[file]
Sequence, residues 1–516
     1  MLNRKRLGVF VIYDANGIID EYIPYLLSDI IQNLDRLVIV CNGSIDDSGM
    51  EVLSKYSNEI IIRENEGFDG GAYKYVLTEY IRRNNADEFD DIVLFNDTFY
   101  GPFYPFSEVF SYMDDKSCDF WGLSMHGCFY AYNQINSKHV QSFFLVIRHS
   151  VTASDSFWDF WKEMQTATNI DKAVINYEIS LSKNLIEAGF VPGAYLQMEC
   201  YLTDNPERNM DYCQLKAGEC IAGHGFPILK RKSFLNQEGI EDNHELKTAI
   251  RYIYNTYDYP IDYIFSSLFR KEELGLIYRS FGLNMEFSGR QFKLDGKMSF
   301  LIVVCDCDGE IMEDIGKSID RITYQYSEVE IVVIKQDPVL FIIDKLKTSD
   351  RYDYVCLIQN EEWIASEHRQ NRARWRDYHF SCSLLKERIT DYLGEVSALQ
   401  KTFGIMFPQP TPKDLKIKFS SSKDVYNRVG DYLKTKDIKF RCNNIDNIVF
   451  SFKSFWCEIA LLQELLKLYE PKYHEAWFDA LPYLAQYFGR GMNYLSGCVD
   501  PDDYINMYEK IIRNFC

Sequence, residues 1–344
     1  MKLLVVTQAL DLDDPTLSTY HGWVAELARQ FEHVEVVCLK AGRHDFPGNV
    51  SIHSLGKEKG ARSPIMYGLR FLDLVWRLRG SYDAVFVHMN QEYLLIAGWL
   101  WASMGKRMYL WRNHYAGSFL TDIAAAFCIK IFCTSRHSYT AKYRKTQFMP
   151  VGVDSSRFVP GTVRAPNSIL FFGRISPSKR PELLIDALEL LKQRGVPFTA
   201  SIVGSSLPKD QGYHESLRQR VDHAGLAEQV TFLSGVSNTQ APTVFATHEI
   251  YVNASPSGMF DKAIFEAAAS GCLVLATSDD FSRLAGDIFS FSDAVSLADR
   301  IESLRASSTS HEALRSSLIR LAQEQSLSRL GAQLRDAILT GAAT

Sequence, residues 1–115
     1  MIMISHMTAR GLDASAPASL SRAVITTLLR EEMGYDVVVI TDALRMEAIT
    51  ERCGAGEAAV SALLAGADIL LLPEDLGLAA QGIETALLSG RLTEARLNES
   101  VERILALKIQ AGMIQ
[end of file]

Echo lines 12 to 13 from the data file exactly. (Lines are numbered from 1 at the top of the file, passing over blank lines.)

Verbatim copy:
   501  PDDYINMYEK IIRNFC

Sequence, residues 1–344